FIGS. 6A-6F illustrate yet another process for manufacturing the flexible optical interconnect of the present invention. FIG. 6A shows a substrate 601 of any suitable material. In one embodiment, substrate 601 is a flexible polyimide film. Depending on the design and use of the optical interconnect, it may be desirable to use a temporary substrate, as in the previously described embodiments, in which case an optional sacrificial layer (not shown in FIG. 6) may be formed between substrate 601 and lower or first cladding layer 603. A “wedge” layer 605 is then deposited on lower cladding layer 603 and patterned, as described above, to create structures 605a having a plurality of angled surfaces as show in FIG. 6B. Preferably, the angled surfaces are formed in pairs (one such pair is shown in FIGS. 6B-6F) with the members of each pair being in an opposing relationship. The angled surfaces are preferably coated with a reflective material, as previously described and are preferably at an angle of 45° to the plane defined by substrate 601.
As shown in FIG. 6C a first core layer 610 is then deposited over the patterned wedge layer 605. Core layer 610 is preferably an optical polymer having good planarization properties. The “tops” of “wedge” structures 605a are, preferably, kept as small as practical to facilitate planarization of first core layer 610. As depicted in FIG. 6D, a first patterned core layer 610a is formed within the area defined by wedge structures 605a. A second cladding layer 615 is formed over the entire structure and planarized. A second core layer is then formed over top cladding 615, and is patterned to form second core structure 620 and a vertical optical via 625, as shown in FIG. 6E. Second core structure 620 includes complementary angled surfaces, as depicted, having a reflective film deposited thereon. An upper or third cladding layer 630 is then deposited over the upper surface of the resulting structure, and is planarized to provide a flat surface leaving the upper end of vertical optical via 625 exposed, as shown in FIG. 6F. Additional layers may be added using any of the techniques described herein, or multiple structures of the kind depicted in FIG. 6F may be joined together. Likewise, substrate 601 may be removed and a different or additional flexible backing material may be added.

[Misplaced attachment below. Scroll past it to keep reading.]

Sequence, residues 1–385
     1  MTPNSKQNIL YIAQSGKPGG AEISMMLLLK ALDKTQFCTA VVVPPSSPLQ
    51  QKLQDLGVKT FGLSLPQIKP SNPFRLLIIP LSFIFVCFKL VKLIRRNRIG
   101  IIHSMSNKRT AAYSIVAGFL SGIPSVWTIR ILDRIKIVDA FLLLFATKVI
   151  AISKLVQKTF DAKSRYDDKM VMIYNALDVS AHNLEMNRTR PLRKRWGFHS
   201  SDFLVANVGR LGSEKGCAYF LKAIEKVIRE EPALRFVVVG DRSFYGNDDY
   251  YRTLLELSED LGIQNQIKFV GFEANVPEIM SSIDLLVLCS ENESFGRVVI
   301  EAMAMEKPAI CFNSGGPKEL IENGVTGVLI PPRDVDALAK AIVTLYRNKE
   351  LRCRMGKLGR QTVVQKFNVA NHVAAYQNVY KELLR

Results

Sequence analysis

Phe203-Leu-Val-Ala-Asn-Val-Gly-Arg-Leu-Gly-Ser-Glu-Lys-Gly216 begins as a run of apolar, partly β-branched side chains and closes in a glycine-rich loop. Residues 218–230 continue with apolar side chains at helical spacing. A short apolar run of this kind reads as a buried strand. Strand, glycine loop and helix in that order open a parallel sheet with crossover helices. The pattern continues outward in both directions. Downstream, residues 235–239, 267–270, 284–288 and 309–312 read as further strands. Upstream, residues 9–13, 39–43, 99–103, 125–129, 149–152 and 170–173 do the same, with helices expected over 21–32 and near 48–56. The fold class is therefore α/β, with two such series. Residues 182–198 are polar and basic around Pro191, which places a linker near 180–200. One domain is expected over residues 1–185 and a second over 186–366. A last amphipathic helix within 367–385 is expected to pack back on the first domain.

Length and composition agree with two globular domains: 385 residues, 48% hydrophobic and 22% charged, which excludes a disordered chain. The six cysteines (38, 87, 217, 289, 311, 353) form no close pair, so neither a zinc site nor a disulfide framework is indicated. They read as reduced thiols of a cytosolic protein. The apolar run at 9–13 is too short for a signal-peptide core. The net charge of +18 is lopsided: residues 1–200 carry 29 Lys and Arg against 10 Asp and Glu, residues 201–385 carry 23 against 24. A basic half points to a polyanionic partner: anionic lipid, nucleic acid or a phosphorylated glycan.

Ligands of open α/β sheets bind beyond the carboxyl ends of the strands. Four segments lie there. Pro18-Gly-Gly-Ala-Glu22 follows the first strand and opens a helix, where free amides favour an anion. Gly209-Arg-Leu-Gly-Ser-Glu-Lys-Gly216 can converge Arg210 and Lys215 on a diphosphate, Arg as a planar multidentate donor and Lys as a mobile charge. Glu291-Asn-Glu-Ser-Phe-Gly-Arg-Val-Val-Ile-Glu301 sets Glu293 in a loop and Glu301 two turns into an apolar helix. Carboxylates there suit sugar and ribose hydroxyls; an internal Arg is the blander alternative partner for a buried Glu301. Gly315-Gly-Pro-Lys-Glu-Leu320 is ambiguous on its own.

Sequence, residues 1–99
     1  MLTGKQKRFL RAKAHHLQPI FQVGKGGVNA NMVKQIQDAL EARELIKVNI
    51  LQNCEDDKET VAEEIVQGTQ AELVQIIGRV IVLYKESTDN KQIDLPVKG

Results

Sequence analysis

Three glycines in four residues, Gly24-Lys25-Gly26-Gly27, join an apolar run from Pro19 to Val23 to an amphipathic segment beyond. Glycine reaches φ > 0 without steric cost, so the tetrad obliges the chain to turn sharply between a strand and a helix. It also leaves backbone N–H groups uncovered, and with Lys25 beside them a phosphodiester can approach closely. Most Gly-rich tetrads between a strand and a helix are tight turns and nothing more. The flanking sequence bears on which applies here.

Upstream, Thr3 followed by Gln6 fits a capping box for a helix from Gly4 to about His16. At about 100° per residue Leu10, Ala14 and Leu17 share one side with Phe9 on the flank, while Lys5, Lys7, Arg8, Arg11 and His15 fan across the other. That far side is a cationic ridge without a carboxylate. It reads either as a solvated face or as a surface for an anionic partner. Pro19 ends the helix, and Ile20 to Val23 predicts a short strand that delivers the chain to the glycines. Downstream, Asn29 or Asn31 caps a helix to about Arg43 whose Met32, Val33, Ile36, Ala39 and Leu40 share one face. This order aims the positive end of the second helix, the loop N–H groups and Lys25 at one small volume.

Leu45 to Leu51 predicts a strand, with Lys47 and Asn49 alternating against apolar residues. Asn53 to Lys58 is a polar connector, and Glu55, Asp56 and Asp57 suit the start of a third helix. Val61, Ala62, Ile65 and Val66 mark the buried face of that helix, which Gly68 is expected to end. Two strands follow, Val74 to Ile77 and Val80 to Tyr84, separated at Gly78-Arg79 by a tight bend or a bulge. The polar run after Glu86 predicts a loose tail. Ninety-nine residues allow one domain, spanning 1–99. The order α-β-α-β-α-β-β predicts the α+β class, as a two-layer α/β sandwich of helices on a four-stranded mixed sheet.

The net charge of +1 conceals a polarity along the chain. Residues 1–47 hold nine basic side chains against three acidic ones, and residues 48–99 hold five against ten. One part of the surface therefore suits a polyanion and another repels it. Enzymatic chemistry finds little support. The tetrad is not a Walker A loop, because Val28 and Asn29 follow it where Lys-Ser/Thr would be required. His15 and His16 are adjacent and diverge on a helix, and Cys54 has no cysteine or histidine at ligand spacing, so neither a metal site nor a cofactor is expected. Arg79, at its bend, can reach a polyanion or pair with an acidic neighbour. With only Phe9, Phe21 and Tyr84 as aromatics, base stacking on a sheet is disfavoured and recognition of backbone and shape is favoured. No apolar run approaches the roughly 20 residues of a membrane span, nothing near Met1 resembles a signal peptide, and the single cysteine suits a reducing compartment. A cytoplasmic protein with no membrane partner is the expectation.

In operation, as will be appreciated by those skilled in the art, the angled surfaces of the first and second core layers redirect light between the layer, thereby enabling complex routing of light signals through the flexible optical interconnect. Specifically, this arrangement allows light paths to cross over each other, so that light can be directed through the optical interconnect in two directions. Preferably, light in one layer travels in one direction in an arbitrary x-y plane defined by the substrate, while light in the second layer travels in the orthogonal direction.
Many alternative embodiments are within the scope of the present invention, including, for example, optical backplane waveguides may have ends near only one of the connectors to provide optical communication off of the optical backplane, and waveguides that include beam splitters to allow an optical signal to communicate with more than one received optical circuit board.